Many states are in the process of legalization, and even the federal government may see some legislation very shortly. Countries around the world are doing the same. The planet is coming to its senses. Is a ‘green rush’ about to flood the world?
What would it mean for the people?
A healthier alternative to alcohol or illicit means of recreational substance intake, cannabis will soon rival alcohol in the decades to come. We will see cannabis skyrocket past alcohol, since it can be infused in virtually anything. Many in the legal market now have said that the future of Cannabis is not in super strains, but in low dose tinctures and edibles. Like Guarana, caffeine, and St. John’s Wort, which all give us energy and improve mood, feeling good, not stoned, will be the renewed cannabis tag line.
As the customer base widens to more accurately represent a full spectrum of our society, the social stigmas will melt, like a lozenge in your throat. Within our lifetimes, our children will look back on Prohibition like the Holocaust: something horrific and unthinkable in their enlightened times.
Because it increases empathy, domestic violence rates will decrease, as will impaired car fatalities, homicide rates, and violent crime.
What would it mean for the economy?
An entire new industry, and it’s secondary and related businesses will provide millions of new jobs, and a huge increase in tax revenues. Medical care, law enforcement, and prison industry costs will plummet, allowing governments to better manage their funds (hopefully). With its ability to be used as food, fuel, textile, medicine, and so much more, it will cause ripples of power shifts across dozens of markets.
What would it mean for the environment?
Cannabis is most efficiently grown outdoors, but due to its legal status has been grown indoors in many areas. With the high cost of electricity, growers are at the forefront of the movement for cheaper, renewable energy. The driving factor of cost has also spurred growers to pioneer and perfect grow methods that can be applied to community farming and food production.
The farming of hemp, the industrial strain of Cannabis, was a staple of the American economy in its inception, and will be once again. Its agricultural impact is much smaller than that of cotton, the world’s most widespread natural fiber. Producing more fiber per acre with less water, hemp will ease the burden on our natural resources. It requires less pesticides than cotton, which will reduce pollution of water tables.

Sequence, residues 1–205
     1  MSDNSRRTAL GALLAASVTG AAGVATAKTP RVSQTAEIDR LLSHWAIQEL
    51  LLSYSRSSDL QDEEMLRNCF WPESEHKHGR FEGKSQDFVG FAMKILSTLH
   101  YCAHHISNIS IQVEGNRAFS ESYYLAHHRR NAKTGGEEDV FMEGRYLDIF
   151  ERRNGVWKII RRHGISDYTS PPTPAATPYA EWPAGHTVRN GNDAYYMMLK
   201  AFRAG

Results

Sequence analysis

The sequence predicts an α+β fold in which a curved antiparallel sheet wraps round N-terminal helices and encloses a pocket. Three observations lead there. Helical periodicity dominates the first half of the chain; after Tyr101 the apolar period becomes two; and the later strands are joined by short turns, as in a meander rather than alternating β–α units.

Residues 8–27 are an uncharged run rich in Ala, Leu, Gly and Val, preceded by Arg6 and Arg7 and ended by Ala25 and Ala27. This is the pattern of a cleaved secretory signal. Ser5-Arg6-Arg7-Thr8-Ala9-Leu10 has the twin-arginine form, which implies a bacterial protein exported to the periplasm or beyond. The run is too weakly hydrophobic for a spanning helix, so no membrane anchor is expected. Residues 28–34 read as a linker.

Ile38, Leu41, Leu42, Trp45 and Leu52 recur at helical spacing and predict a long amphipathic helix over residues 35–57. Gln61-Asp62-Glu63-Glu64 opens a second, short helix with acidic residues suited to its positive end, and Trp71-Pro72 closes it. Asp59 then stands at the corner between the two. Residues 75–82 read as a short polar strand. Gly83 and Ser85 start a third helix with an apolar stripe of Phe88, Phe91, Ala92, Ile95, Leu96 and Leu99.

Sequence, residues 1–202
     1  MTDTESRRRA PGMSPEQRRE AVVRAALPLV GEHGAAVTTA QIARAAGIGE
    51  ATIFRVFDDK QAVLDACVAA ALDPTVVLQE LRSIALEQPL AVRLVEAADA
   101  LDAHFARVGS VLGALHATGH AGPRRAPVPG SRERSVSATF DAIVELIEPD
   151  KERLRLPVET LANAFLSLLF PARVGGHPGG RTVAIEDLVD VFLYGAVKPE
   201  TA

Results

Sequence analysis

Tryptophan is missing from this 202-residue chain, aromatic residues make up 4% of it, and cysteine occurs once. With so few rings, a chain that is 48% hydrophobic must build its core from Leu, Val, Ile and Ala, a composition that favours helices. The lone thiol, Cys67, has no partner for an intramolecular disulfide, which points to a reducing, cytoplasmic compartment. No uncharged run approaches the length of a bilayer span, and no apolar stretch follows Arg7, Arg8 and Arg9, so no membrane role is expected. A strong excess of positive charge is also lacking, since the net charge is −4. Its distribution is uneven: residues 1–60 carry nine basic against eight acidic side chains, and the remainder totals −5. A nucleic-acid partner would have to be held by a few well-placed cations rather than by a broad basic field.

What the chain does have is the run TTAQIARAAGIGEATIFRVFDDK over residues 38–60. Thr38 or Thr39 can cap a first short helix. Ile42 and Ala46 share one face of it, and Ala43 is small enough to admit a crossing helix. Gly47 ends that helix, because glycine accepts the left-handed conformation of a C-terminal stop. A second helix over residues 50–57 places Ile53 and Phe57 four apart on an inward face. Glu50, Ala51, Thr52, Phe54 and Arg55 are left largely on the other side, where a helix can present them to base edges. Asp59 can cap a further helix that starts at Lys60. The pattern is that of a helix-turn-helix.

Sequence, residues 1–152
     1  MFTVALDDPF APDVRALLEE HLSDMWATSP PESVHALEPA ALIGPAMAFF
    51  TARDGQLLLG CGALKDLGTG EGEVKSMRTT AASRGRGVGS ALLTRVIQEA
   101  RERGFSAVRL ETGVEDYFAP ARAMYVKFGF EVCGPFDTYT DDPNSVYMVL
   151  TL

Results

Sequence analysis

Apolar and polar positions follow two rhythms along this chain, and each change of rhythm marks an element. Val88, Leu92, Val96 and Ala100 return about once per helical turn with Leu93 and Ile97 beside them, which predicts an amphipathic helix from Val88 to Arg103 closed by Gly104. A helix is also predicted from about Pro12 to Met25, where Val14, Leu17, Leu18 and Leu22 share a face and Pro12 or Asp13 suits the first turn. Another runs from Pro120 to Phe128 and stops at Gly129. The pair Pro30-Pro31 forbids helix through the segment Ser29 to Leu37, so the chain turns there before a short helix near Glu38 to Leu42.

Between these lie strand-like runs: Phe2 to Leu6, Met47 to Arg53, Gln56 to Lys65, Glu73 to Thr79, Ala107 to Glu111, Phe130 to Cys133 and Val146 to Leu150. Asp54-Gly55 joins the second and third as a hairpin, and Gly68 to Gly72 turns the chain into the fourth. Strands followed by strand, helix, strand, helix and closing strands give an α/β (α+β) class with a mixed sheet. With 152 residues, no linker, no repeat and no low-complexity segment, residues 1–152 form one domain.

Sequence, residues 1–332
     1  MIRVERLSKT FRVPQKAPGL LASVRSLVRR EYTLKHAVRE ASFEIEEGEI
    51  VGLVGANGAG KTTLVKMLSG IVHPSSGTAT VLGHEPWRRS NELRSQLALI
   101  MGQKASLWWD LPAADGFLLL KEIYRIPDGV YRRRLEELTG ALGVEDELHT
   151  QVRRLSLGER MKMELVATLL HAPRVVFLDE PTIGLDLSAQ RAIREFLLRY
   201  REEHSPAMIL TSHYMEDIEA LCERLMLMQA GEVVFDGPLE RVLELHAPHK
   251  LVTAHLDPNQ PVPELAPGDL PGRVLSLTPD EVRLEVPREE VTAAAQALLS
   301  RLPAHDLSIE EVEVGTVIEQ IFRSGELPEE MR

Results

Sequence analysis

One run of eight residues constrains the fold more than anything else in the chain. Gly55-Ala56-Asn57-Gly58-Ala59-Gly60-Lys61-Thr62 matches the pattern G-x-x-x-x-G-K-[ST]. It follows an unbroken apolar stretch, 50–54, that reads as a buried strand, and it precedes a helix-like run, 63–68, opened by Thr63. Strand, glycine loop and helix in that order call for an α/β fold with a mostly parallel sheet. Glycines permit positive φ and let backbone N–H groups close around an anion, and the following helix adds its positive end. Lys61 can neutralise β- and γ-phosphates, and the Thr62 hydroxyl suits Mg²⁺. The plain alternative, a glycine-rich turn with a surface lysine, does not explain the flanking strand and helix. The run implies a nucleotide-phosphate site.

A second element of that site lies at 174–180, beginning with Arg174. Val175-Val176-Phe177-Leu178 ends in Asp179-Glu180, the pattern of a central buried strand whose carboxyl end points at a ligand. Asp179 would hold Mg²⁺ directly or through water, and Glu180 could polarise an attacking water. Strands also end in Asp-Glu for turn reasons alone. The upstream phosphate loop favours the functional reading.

Its durability will mean less need to replace cloth made with it. Hempcrete building material will mean less expensive heating and cooling costs. Hemp paper production can reduce deforestation. Growing hemp in fields puts nutrients back in the soil for crops. Hemp acts as a carbon sink, sucking carbon out of the atmosphere, reducing pollution.
Imagine A Scene:
You wake up in the morning, and crawl out of your comfortable, soft sheets. A quick shower, with a conditioner for your hair, and a warm fluffy towel to dry off. Then a quick shave, and some aftershave, cologne, and hair product. Don’t forget to take your multi-vitamins, and mood enhancers for that positive go-getter attitude you want to help handle the stress of the job. You put on your suit and tie, socks and shoes.
In the kitchen, you put some organic spread on toast, and enjoy a quick power shake. Then you read the paper, and sip a coffee. Feeling great, you go to the garage and get in your new car, and notice with a smile that it still doesn’t need to have more fuel.
You leave your house and head to work, where everyone is happy and productive. You notice the wind turbine balloon above the building is decorated with the new company logo, and the solar panels on the roof are being cleaned.
On break, you eat lunch with the guys, and sit on the benches at the park. There is a vibrant wall mural that makes you smile as you puff on your vape pen. You friend Bill is back to work after winning a brief fight with cancer, and he always brings the best food.
Here is a list of the products and services from the above example that can be made from cannabis/hemp, or benefits from the existence of the cannabis/hemp industry.
Bed. Bed sheets. Hair conditioner. Hair product. Shave cream. Aftershave moisturizer. Cologne. Towel. Clothes. Shoes. Toast spread. Power shake. Mood enhancer. Newspaper. Coffee. House. Garage. Car. Car fuel. Wind turbine. Solar panels. Lunch. Park benches. Paint on wall mural. Wall. Vape oil. Bill’s cancer cure….
The Green Rush is coming…
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